Perhaps the most maligned person of the Christian scriptures has been Jesus’ disciple and apostle, Mary, the Magdalene. When Pope Gregory confused her character with that of the sinful woman, 15 centuries of Christian people falsely believed her to be the “repentent whore”. This could not be further from the truth. Through modern-day scripture scholarship, along with the discovery of the Nag Hammadi library and other non-canonical sacred texts, Mary, the Magdalene has been redeemed. We now know that she was NOT the sinful woman as Gregory would have had us believe, but the Apostle to the Apostles – the one person chosen by Christ through which the resurrection would be revealed.
Mary was one of Jesus’ closest followers and while the male disciples deserted Jesus and hid from the authorities, Mary, along with other women disciples, Jesus’ mother, Mary (and perhaps the disciple, John) courageously bore witness to Jesus’ execution and burial. Legend also tells us that on the third day, Mary was also chosen by Christ to carry the message of the resurrection.
We know very little about Mary following the death and resurrection of Jesus. Only the Gospel of Philip and the Gospel of Mary (Magdalene) offer us a glimpse into the post-resurrection life of this amazing woman. In both these non-canonical texts, Mary is depicted as teaching the disciples and that conflict arose between her and Peter. Legend places her in faraway places such as Egypt and Southern France sometime after these depictions, Other than that, we know nothing.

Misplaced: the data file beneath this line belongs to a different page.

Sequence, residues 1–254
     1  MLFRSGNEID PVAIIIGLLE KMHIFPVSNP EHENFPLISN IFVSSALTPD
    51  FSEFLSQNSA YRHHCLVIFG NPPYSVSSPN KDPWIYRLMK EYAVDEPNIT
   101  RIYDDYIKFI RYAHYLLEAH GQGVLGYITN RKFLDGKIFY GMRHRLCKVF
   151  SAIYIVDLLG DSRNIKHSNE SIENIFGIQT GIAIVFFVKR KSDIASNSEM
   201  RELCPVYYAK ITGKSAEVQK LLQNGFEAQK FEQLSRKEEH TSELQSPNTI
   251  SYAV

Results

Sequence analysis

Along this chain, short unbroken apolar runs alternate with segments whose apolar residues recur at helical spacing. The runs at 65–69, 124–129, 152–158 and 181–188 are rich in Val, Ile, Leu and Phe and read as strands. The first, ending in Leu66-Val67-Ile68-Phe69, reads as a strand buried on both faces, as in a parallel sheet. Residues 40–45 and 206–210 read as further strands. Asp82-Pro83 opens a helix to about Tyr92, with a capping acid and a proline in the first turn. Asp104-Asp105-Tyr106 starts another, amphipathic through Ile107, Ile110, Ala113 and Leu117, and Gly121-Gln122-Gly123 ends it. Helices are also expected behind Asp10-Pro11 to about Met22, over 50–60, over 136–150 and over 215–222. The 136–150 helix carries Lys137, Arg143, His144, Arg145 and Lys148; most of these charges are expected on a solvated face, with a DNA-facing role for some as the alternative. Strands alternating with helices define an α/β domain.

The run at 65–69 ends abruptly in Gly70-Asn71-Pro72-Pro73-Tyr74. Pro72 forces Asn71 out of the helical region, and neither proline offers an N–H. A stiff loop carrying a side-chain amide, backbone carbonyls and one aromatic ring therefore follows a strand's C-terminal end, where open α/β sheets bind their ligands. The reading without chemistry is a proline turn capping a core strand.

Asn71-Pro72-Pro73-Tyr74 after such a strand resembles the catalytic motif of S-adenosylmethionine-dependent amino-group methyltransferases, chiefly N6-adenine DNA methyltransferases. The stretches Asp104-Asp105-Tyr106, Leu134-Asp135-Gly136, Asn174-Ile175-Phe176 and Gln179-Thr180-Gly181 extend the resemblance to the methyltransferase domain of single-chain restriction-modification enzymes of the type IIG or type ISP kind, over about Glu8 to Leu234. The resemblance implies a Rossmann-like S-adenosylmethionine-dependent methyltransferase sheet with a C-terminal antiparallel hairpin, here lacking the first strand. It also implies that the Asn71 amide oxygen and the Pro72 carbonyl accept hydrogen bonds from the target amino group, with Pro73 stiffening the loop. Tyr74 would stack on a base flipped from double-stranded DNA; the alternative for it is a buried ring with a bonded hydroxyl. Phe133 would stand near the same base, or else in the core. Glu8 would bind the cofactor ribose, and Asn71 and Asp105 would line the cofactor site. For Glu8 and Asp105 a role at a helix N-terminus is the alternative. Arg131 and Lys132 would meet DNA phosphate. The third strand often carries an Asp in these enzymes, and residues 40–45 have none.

Mary, the Magdalene, has been a model for me of the witness of women in the early Christian communities, but more than that, she has represented for me a model of Contemplative life. Early writings about her focus on the intimate relationship she had with Jesus and the “secret” teachings Jesus imparted to her. Jealousy arose among some of the male followers who could not comprehend these teachings, or could not grasp that Jesus would give these hidden teachings to a woman! I believe that this apparent conflict was real and metaphorically illustrates the conflict that arose in the early church between the external and internal experiences of God. The institutional church, it seems, arose out of the external experience of the Divine, whereas the gnostic or contemplative communities arose out of the interior experience of God. This contemplative model of the Christian experience has grown up alongside the institutional church and provided the inspiration out of which the monastic communities arose – The Benedictines, the Franciscans, The Carmelites, etc. These monastic communities have been the ones to maintain the importance of the inner relationship with God and have guarded the spiritual practices that facilitate this interior awareness.
I believe that Mary, the Magdalene, along with those who found their way into her presence, provided the foundation upon which contemplative life could be valued and maintained. It is for this reason that I dedicate my efforts in holding space in which contemplative community may emerge to Mary, the Magdalene. As this process unfolds, I carry her image of contemplative witness in my mind, my heart and on my person. As Mary was healed of “seven demons”, may we too be healed of our fears, false perceptions and ego-attachments so that we remember the truth of our Oneness with God and with one another. Amen. Amen. Blessed Be!